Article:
Ben Beres is tired, hungry, and stressed out about building a desert island. We're sitting in a corner at the Deluxe under what seems to be a floodlight at 10:30 p.m. (exactly the start of the late-night happy hour). Ben is one-third of the art collective SuttonBeresCuller. He lives .10681 miles from Broadway and subsists on the food of starving artists everywhere: ramen (he likes his "dressed up in a tuxedo" with green onion and an egg cracked into it), big salads he makes himself, and Broadway happy-hour cuisine.
Ben is the most cheerful stressed-out person ever. He loves the Deluxe, and the Deluxe loves him. A pretty bartender, Crystal, brings us drinks even though we're not at the bar. Ben usually comes for the bargain-priced burger special on Wednesdays; now he orders the arepas—corn cakes with a red sauce and avocado. They're pretty much gone as soon as I've had the bite he politely requires I take. "I'm fairly satisfied with that. It left my mouth spicy," he summarizes.
We move on to Charlie's, where the first booth we try is broken in such a way that Ben's being pitched forward out of his seat. The second booth has the same issue. He surmises that maybe it's his legs. Despite my best efforts to dissuade him, he orders the tempura vegetables. Charlie's makes a decent happy-hour cheeseburger, but ordering tempura here is a bold move. Ben has had everything else on the menu, however.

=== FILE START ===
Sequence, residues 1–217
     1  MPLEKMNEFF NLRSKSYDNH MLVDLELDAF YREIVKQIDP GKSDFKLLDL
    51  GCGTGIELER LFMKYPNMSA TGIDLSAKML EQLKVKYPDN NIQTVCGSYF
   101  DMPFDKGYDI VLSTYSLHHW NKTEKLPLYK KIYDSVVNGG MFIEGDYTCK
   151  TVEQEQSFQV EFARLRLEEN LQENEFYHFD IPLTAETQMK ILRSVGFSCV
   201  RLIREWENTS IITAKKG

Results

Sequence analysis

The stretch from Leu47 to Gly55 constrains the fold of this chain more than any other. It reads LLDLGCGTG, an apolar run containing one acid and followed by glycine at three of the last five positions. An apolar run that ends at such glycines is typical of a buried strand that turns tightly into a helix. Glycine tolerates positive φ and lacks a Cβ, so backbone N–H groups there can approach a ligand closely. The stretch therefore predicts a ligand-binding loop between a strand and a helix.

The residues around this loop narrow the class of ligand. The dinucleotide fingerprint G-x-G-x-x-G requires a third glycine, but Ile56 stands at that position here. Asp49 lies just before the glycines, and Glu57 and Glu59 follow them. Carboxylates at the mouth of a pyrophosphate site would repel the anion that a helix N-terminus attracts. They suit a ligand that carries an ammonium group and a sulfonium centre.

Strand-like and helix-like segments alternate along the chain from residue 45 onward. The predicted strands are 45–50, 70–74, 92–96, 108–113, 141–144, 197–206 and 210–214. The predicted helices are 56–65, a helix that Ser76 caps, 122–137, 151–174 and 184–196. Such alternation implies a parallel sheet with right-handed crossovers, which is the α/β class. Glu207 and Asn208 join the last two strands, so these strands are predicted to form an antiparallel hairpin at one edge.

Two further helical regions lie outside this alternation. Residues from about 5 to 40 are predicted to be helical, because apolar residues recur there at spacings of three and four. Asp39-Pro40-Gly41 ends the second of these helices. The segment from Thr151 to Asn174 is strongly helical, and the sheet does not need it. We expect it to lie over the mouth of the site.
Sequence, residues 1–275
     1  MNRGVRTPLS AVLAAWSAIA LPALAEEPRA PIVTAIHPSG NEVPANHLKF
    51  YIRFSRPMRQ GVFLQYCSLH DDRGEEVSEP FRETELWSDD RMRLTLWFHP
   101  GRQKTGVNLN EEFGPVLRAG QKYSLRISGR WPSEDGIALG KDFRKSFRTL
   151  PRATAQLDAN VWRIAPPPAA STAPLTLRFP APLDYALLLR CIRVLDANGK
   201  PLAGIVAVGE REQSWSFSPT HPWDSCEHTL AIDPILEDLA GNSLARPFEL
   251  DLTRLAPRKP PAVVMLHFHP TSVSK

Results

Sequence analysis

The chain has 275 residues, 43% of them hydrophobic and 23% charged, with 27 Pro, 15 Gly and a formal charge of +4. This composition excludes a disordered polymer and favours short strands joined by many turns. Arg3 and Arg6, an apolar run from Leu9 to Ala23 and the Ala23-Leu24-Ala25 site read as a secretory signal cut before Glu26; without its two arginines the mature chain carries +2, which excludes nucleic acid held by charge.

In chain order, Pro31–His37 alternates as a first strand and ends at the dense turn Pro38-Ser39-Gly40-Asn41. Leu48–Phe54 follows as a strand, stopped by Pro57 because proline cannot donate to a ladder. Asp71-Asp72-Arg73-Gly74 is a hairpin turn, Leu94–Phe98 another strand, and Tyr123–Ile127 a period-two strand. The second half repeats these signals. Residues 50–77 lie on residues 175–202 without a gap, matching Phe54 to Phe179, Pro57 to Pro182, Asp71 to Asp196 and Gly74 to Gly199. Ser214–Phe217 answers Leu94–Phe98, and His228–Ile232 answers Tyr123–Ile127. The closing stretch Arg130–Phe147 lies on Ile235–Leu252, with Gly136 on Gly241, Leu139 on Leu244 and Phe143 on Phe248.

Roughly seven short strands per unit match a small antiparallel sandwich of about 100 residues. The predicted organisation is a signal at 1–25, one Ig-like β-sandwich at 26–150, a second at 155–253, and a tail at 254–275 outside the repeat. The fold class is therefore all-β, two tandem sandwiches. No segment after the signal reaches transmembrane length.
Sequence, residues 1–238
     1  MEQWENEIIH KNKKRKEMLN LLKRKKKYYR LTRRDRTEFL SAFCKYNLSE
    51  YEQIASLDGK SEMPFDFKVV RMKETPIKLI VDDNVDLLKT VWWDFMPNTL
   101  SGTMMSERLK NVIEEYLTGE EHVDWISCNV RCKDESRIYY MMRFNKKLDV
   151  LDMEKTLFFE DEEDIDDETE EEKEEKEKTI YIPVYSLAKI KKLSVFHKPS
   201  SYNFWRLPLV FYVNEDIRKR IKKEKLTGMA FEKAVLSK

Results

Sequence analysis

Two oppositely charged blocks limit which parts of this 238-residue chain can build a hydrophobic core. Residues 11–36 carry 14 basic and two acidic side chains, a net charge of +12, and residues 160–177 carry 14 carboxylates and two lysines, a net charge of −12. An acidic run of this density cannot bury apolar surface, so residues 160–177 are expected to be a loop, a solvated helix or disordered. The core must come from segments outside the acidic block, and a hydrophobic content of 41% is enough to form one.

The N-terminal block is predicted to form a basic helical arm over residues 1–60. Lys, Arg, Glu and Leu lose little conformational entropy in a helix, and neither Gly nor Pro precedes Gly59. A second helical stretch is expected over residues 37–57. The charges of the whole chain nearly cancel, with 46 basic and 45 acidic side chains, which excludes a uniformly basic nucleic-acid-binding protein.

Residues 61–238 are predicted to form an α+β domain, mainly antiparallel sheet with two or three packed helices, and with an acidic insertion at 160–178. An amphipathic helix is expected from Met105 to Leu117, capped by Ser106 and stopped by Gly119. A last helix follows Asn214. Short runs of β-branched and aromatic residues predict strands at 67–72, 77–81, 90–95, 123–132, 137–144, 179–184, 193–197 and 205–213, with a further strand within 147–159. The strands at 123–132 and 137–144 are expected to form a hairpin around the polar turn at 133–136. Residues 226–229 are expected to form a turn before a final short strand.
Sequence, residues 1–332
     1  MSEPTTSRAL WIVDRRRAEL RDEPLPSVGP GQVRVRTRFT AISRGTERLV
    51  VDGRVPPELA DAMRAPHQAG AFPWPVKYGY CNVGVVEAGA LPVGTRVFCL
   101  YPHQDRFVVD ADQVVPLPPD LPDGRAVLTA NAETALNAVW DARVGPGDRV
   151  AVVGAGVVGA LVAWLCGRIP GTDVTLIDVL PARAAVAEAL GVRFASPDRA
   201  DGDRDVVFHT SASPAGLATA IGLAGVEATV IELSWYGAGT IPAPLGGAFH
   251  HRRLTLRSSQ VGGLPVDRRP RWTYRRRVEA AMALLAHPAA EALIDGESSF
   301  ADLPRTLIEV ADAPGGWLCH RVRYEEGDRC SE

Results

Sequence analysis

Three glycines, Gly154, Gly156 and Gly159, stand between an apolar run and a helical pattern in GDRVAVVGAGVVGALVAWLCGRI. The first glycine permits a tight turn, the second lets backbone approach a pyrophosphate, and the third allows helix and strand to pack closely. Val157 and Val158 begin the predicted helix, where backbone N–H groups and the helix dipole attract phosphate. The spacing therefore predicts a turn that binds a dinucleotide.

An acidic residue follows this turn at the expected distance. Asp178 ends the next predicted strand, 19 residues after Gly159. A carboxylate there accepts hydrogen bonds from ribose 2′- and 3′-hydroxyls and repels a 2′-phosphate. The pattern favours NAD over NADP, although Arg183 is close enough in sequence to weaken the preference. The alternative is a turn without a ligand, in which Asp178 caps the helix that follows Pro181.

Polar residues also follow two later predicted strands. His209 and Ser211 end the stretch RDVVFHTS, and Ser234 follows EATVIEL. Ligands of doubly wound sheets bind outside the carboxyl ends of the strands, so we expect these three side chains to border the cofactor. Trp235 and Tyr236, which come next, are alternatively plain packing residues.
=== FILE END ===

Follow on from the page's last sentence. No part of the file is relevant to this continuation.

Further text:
His spirit of adventure does not go unpunished. A glistening, giant browned pile is placed before him. If it were possible to deep-fry grease itself, it might come out like this. Ben describes it as "violent tempura," and it does look sort of spiky and angry. He eats as much as he can while it's burning hot, then gives up. I poke at a fried blob. "What is this?" I say.
"That's an ear," says Ben. I eat it. Ben vows to eschew the tempura here in the future.
At 1:00 a.m., we're at the glam, mirrored bar of the Broadway Grill. Eric the bartender hands Ben his drink with a flourish, saying, "There you go, Mr. Beres." Ben is, incredibly, still hungry. He orders a chicken quesadilla and pardons himself. Upon his return, I learn that the urinals here are filled with ice, making an exciting experience for the gentlemen patrons, who can cut a melted swathe, create a hole, or conduct other experiments in erosion.
The quesadilla's got three cute ceramic dishes of condiments, and its triangles are splayed out invitingly. Ben declares it his favorite snack of the night. Eric takes such nice care of us that we're the last ones to leave.
Details about SuttonBeresCuller's upcoming exhibits may be found at www.suttonberesculler.com.